You can argue till youre__in the face but I wont agree.
__Christmas isnt quite common in England.

13. 4


He has worked all his life as a school principal.

To weak writers, the proper words are often illusive.
Nevertheless, even weak writers like to be complimented on their work.
One of the marks of a weak writer is a lose style.
Its no fun trying to write but not knowing how.
She ordered a box of monogrammed stationary.
When you write, just avoid jargon and colloquialisms.
Clarity is a major principal in good writing, he said.

14. , /
1-6. / .
1) a couch potato 2) a big-head 3) slow-coach 4) the teachers pet
5) top of the class 6) a pain in the neck
a) What __! Its the third time today I have to call in a computer man.

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b) Move on, you__.
c) Janes always been__. No wonder shes got accepted to LSE.
d) Of course, hes got off easily again hes __.
15. , , 1-7,
. :
1) deny 2) regret 3) recall 4) consider 5) notice 6) admit 7) claim
a) Yes, I was certainly in town around midnight __ b) I saw two men looking into all the parked
cars __ c) Now that you mention it, I think I did hear a car being driven away __ d) I certainly
didnt steal the car __
16. Fighting the Computer Brain Invasion
(a-d) , 1-5. :
, .
Fighting the Computer Brain Invasion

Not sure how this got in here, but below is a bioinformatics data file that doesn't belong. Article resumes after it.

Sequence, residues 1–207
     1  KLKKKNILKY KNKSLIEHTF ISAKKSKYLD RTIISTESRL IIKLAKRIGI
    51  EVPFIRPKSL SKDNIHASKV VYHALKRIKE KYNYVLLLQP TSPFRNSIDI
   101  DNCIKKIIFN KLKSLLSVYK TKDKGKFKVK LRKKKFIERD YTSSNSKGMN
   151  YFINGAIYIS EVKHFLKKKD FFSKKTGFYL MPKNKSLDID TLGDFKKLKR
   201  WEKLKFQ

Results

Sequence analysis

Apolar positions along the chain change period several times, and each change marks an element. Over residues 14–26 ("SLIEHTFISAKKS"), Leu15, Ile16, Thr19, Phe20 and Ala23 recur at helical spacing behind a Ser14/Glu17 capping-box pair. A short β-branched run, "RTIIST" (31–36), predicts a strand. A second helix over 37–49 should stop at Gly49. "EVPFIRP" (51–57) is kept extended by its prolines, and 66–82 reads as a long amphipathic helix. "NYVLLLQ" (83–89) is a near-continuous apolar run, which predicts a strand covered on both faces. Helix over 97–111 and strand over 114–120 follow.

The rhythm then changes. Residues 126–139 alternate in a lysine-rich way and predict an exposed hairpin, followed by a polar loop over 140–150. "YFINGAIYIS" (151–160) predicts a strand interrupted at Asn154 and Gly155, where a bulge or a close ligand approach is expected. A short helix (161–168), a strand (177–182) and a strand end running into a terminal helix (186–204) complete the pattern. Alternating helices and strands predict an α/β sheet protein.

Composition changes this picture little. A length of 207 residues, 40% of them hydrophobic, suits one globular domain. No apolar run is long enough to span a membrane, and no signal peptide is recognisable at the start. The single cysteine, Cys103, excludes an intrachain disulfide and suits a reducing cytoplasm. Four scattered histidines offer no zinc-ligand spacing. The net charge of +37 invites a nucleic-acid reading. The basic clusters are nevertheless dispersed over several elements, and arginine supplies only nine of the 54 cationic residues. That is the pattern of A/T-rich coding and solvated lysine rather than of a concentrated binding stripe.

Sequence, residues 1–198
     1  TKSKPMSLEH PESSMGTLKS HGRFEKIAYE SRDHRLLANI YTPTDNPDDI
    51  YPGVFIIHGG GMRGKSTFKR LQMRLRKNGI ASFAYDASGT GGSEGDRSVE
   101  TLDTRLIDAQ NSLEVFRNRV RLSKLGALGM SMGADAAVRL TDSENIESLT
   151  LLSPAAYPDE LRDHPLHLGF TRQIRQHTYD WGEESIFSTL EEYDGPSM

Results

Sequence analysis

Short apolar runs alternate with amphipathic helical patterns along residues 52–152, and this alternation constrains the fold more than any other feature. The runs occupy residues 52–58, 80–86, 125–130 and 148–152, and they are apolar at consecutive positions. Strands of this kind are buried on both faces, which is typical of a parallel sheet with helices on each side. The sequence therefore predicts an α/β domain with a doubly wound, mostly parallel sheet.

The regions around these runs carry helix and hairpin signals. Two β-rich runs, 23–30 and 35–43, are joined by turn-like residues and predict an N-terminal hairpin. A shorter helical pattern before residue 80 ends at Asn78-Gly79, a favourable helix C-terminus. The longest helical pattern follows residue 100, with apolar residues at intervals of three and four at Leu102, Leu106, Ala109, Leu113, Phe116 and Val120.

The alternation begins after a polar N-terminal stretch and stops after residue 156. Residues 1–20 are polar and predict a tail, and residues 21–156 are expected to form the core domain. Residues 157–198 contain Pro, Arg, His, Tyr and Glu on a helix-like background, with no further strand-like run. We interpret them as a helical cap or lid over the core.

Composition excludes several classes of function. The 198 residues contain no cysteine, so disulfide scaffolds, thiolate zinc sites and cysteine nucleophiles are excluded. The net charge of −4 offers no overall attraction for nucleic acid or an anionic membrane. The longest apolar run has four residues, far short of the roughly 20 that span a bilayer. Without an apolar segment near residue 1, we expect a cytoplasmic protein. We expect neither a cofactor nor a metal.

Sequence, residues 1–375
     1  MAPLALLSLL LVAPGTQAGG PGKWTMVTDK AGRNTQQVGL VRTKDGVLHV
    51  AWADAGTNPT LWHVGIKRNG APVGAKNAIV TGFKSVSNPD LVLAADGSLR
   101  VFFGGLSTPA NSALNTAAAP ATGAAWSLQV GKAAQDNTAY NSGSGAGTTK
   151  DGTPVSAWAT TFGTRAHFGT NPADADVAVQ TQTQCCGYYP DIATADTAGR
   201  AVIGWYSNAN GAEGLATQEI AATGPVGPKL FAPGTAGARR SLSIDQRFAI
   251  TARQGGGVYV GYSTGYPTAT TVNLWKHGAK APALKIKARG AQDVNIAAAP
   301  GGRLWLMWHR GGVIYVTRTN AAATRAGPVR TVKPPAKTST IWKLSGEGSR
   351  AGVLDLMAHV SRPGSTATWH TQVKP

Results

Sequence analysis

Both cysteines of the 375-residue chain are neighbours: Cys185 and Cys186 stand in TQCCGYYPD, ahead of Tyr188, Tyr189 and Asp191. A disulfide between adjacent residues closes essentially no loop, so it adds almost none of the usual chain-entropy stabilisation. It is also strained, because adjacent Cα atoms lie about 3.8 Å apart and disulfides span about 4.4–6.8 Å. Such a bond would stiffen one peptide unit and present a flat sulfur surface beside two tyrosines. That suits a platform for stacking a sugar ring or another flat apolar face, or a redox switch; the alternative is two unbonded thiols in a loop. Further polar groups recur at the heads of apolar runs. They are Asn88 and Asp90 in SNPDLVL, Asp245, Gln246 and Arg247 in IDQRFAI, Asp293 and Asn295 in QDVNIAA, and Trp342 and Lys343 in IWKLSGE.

When children get to the age for games consoles, try to know what they are playing. Computer
games range from highly educational, creative, delightful ones such as Sims City, which is training
a whole new generation of enlightened city planners, via games of skill such as ski, flight, skateboard and sailing simulation, to pretty disgustingly violent ones such as the Carmageddon series
and Carpocalypse Now and Tomb Raider, artfully designed to lure teenagers and alarm parents. It
always amazes me to hear the parents of a nine or ten-year-old saying 'He's up playing computer
games'. And when you ask which games he likes they do not know. Would these people, if asked
who was babysitting, say 'Oh, some guy from the park'?
a)_______. Walk past, discuss what the game is about while you get on with the supper. Encourage
sharing with other children. Any game using two controllers is better than a lonely one.
b) _____. Give warning, let a level be finished, but enforce it.
c) ____. If you have a teenager who spends a lot of time online, you probably need the software that
records every site visited, and time spent; you may want one of the 'filter' programmes that cuts out
dodgy sites. Unfortunately, these appear to do most caveman-simple things such as cutting out
anything with the word 'sex' in it, which can seriously rot your A-level biology student's research
material and cause undue resentment.
d)_______. This, during teenage years, can be a problem but it is always worth persevering with. If
a parent or relative is around for enough time, slow to leap to judgement or hysteria, and willing to

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listen (leaning on the kitchen work-top while one of you has a late-night pizza, in the car, wherever)
then important issues will eventually come up. If not, they won't.
Indeed, personal happiness and reasonable self-esteem are the best weapons against any kind of
computer brain invasion. So is an alternative, sociable, physical pastime. We all know that a healthy
small child gets more fun out of a sociable kitchen than out of Furby, and relishes a rough-andtumble game with Dad more than a television programme. We need to extend that common sense